Two people who know best what it means to be Scottish are Roddy Boyd, who runs a Facebook page called "Oor Wee Toon" dedicated to the history of Paisley (who helped me with my genealogy research), and Jackie MacWilliams, a Glasgow mother of two [grown] sons who was kind enough to let me stay in her spare bedroom for two nights while I poked around in Paisley on the last day of my trip.
Last month, Jackie and her Irish husband Matty were on the fence about Scottish independence, and so I called her on Skype today to find out if there had been any change of circumstances. Jackie told me that both she and Matty would be voting for yes to Scottish independence, for the reasons best stated by Tommy Sheridan in this video.
"Anne you should see it here" Jackie said. "There are mass rallies in the squares in Glasgow crying out for freedom. You won't find that out from the BBC how close we are to it."
When I spoke to Roddy later on he told me his views were also aligned with those of the independence advocacy group Wings Over Scotland.
We very rarely get the Government we vote for and are consistently cheated and lied to by Westminster. We are a rich, intelligent and industrious nation who always have to play second fiddle to the wants of South East England, and there is no reason why we should have to.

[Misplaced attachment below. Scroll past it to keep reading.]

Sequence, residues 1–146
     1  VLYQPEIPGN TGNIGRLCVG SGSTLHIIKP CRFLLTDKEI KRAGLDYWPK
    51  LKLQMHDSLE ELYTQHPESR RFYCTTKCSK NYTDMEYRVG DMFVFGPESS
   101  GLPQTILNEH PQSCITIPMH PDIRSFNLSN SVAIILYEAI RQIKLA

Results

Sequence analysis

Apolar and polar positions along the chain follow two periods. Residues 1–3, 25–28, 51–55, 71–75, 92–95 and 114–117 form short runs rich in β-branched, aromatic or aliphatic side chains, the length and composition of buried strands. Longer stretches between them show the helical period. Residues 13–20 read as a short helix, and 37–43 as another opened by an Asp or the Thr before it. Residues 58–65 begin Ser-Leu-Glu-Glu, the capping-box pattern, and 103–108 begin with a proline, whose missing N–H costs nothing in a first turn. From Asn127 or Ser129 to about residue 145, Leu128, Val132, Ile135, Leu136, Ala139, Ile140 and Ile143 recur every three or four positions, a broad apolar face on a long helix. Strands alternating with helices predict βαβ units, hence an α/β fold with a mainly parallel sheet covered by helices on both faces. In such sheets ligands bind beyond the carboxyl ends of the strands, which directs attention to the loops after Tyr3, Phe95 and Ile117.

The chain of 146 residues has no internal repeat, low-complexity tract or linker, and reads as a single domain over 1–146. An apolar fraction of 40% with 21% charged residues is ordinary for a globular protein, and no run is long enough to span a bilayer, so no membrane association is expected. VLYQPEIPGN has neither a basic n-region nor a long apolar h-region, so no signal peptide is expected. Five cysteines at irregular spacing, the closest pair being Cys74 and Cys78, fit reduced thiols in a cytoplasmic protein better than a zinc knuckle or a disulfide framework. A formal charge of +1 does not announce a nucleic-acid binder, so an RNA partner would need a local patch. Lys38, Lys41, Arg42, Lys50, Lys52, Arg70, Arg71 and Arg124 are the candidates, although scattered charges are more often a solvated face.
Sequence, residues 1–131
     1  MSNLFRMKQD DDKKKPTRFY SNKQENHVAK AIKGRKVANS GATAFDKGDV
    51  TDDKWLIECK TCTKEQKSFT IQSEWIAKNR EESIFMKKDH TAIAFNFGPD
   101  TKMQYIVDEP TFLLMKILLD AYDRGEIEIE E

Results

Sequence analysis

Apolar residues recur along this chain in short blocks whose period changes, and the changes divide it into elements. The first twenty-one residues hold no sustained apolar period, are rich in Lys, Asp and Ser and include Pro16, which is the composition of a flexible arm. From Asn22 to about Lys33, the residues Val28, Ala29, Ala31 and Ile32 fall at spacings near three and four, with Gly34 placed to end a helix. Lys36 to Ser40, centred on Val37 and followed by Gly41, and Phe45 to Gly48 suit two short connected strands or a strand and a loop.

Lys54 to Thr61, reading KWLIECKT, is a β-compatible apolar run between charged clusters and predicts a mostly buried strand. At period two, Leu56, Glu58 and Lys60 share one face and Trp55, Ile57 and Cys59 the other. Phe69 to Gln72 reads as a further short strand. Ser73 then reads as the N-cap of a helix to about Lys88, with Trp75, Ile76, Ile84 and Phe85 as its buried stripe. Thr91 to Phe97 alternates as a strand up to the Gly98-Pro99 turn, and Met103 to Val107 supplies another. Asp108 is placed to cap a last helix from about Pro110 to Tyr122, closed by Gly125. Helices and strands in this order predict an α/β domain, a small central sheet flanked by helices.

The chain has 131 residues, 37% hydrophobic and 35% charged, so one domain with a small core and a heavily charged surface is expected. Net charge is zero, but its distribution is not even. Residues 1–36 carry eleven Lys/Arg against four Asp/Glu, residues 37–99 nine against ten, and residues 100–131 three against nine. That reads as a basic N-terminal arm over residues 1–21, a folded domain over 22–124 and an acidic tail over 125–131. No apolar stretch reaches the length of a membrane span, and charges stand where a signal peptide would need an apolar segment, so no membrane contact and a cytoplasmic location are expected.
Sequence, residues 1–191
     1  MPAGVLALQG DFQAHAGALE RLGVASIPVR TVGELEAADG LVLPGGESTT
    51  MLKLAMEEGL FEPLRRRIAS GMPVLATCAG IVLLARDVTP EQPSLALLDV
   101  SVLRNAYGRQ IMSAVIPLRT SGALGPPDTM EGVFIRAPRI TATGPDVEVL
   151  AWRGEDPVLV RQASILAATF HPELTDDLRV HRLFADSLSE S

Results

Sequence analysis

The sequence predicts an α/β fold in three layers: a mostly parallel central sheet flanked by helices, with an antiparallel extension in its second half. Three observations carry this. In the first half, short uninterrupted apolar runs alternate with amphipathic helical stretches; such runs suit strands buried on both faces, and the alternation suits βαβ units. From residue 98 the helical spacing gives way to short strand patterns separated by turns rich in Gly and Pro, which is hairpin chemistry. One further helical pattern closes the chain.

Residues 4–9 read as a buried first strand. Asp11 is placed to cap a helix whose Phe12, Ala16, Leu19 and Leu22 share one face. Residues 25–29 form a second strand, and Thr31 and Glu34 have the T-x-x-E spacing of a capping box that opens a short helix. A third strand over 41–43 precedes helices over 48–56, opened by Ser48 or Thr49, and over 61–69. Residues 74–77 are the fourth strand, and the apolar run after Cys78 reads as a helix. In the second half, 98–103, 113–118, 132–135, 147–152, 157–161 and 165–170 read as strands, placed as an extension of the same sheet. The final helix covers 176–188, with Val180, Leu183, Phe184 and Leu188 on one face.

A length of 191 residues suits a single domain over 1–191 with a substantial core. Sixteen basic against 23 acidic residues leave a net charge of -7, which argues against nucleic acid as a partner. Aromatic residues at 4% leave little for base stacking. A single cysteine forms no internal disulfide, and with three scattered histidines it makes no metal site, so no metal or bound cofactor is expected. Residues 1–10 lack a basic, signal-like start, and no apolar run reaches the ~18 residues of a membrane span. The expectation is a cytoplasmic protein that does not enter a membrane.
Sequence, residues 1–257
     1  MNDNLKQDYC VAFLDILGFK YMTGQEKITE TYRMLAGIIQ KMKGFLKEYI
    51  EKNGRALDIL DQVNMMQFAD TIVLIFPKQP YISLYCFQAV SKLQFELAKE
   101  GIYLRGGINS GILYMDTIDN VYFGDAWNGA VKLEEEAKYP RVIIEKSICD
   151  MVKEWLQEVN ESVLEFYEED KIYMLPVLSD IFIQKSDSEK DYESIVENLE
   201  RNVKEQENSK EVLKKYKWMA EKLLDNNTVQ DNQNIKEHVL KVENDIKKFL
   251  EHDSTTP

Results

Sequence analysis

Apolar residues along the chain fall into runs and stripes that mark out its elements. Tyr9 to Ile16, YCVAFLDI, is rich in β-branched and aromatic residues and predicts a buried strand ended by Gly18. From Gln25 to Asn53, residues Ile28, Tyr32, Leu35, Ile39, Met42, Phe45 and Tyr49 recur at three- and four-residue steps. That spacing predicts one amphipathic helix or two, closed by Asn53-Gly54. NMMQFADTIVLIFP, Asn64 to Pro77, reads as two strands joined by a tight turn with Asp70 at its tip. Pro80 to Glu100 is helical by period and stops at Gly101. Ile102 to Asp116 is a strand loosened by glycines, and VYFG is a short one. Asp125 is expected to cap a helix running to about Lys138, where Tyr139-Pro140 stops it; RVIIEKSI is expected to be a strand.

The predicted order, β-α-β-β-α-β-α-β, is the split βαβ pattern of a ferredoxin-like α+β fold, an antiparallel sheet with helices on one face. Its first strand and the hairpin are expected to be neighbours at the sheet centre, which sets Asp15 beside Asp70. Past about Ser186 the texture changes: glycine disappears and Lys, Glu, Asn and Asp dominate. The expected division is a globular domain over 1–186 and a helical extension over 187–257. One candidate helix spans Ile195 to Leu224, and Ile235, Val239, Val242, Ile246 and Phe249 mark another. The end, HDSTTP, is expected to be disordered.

I also asked Roddy whether he thought my relatives would be voting for freedom on Thursday, to which he replied "I'm pretty sure your folks would have been up for Independance, the weavers were a fiesty lot and fought for what they wanted!"
Roddy is probably right, and I bet my ancestors would have loved to have lived to cast their votes on Thursday because not much has changed in Paisley since they left except their homes and community have been torn down, abandoned, and left in disrepair.
By the time I arrived in Paisley, all that was left of my family was an unmarked grave in the most prestigious area of the cemetery. Although my great great great grandfather Alexander originally purchased the family plot for his parents, eventually there were 8 bodies in a grave intended for two, and the day of my visit was the anniversary of Alexander's death. Atop the grave was a feather that seemed to be waiting for me, telling me to write something.
What I want to tell my brothers and sisters in Scotland is that as an American, none of my father's ancestors from England who came to America as pilgrims then became Minute Men who fought in the American Revolution to free us from British tyranny have ever looked back on history and wanted to trade in the dollar for the pound.
There are worse problems facing Scotland right now if it doesn't free itself, and having the value of an independent Scottish currency dip below the current value of a pound to equal the dollar is not one of them. But the Scots don't have to shed blood to be free like we did, all they have to do is vote in their own favor on Thursday. Hopefully, I will live to see the folks in Northern Ireland follow Scotland's lead in my lifetime as well.
As Jackie put it best,
"Even if the oil in the North Sea dries up, even if I have to pay my dues by way of higher mortgage rates and grocery prices, I'm willing to do that if it means I can wake up Friday morning in a free country and sing 'O Flower of Scotland' with pride."